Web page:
These issues will be addressed through experiments in torus-type and linear magnetic field devices, and through simulations using fluid models, particle and kinetic models, and molecular dynamics methods.

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Figure. From left to right: a visible light image of LHD divertor plasma, beryllium distribution on the plasma-facing surface of the tungsten divertor plate in the JET tokamak device, an example of molecular dynamics simulation of hydrogen recycling in an amorphous carbon wall, an example of dissipative particle dynamics simulation of the formation of self-assembled structures in amphiphilic molecular systems.

Keywords

Fusion Science

  • Edge and divertor plasma and impurity Transport
  • Detached plasma
  • Plasma-wall interaction
  • Particle circulation
  • Plasma facing components
  • Tritium

Interdiscipline

  • Non-equilibrium cross transport
  • Atomic and molecular processes
  • Interaction between plasma and solid/liquid/gas
  • Plasma-induced structure formation
  • Solid surface physics
  • Microstructure analysis
  • Dissimilar material bonding

Unit Members

USAMI, Shunsukeorcid Research Fields Plasma physics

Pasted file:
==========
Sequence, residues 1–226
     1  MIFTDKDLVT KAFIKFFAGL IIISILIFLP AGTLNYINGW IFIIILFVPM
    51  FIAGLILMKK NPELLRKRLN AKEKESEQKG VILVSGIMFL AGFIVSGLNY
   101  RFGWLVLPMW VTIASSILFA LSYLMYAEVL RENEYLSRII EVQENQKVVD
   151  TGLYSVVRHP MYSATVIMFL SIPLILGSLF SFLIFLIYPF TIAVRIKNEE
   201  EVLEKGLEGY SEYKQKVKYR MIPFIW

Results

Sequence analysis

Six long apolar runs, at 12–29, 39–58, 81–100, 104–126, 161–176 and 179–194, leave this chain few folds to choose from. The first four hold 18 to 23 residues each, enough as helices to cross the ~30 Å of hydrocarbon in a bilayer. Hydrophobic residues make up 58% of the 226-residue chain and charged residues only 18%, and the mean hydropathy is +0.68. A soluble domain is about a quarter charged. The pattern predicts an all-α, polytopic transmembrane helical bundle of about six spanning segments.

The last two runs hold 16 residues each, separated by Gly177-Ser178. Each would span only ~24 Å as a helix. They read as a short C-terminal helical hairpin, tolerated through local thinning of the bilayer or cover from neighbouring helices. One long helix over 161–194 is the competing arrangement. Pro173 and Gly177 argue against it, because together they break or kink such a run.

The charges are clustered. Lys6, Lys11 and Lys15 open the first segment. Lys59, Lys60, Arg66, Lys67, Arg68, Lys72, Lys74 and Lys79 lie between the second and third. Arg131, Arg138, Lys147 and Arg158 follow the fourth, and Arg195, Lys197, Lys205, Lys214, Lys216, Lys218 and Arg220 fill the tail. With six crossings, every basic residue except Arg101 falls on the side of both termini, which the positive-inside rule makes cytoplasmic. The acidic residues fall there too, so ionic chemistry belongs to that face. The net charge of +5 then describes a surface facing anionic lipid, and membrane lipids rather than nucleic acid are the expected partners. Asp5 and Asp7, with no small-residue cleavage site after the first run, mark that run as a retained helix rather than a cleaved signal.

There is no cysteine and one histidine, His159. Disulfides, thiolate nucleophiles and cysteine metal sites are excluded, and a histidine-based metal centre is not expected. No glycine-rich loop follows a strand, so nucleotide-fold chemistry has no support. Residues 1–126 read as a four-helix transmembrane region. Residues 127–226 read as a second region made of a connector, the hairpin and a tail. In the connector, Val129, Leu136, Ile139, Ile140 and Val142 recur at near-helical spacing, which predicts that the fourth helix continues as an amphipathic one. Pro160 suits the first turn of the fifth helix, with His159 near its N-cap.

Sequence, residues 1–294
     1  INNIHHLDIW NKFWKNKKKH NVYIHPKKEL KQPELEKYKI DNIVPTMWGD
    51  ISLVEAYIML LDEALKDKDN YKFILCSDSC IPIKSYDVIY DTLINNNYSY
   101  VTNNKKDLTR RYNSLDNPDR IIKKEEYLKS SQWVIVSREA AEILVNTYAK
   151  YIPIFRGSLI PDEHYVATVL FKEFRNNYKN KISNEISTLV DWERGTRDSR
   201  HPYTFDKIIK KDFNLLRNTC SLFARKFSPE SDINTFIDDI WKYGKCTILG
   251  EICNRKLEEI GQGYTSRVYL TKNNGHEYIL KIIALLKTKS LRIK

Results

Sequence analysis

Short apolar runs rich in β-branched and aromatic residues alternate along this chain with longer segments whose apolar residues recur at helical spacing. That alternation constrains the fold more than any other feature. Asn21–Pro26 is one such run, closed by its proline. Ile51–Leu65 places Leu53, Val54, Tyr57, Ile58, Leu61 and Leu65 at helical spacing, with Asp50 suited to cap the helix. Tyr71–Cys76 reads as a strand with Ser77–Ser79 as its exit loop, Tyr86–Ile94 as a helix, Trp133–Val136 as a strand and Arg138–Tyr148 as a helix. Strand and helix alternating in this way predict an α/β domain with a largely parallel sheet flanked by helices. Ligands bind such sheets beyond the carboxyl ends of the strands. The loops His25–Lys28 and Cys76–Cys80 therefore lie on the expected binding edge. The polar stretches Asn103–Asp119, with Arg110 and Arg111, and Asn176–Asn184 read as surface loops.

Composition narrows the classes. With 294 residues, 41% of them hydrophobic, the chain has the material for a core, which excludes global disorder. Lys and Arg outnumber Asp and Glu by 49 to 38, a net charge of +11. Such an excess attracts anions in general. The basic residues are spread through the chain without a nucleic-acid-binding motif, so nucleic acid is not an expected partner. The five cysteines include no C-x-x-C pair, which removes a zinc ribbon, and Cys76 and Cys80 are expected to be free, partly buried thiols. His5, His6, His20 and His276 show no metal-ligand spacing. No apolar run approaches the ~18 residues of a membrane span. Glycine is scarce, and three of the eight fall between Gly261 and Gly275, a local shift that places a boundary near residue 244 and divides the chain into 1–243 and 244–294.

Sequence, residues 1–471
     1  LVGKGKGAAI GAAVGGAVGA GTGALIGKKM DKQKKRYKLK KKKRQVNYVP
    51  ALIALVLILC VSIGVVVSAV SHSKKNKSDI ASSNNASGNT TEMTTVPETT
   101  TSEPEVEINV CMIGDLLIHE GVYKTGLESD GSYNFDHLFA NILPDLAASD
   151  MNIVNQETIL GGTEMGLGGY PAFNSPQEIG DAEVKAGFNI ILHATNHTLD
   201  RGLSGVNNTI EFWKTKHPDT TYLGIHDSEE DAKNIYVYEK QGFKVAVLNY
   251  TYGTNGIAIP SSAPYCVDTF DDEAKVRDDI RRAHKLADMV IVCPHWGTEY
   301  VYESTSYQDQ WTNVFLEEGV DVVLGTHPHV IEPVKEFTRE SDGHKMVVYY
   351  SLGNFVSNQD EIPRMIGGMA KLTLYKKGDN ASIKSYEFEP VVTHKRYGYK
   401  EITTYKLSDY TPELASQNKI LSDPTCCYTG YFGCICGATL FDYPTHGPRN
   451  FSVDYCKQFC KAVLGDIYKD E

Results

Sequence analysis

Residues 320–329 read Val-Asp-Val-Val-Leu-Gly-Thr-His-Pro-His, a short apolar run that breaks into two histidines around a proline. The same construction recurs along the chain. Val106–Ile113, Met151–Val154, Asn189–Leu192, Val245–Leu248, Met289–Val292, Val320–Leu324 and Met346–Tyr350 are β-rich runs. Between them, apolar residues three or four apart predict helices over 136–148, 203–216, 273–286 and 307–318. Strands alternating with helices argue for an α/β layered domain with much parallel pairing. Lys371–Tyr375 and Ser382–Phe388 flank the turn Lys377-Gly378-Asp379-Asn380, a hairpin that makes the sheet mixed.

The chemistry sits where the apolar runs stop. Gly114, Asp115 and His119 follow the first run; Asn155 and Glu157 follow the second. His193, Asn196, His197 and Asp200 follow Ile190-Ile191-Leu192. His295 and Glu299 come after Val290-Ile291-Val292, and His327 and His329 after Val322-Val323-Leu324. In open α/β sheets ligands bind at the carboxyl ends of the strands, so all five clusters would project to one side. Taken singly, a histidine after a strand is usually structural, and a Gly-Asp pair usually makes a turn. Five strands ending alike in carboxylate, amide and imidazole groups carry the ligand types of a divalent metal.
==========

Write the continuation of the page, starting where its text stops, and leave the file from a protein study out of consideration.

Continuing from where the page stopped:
KANNO, Ryutaroorcid Research Fields Plasma physics
GOTO, Yukiorcid Research Fields Light-matter interactions
KOBAYASHI, Masahiroorcid Research Fields Plasma physics
SHOJI, Mamoruorcid Research Fields Plasma physics
TOKITANI, Masayukiorcid Research Fields Fusion material science
NAGATA, Daisuke Research Fields
NAKAMURA, Hiroakiorcid Research Fields Condensed matter physics
HAMAJI, Yukinoriorcid Research Fields Plasma-material interactions
HAYASHI, Yukiorcid Research Fields Plasma science & engineering
MASUZAKI, Suguruorcid Research Fields Plasma science & engineering
MOTOJIMA, Genorcid Research Fields Plasma science & engineering
MORISAKI, Tomohiroorcid Research Fields Plasma science & engineering
YAJIMA, Miyukiorcid Research Fields Plasma science & engineering
YOSHIMURA, Shinjiorcid Research Fields Plasma physics

Contact

Transports in Plasma Multi-Phase Matter System Unit
Email: PMI(at)nifs.ac.jp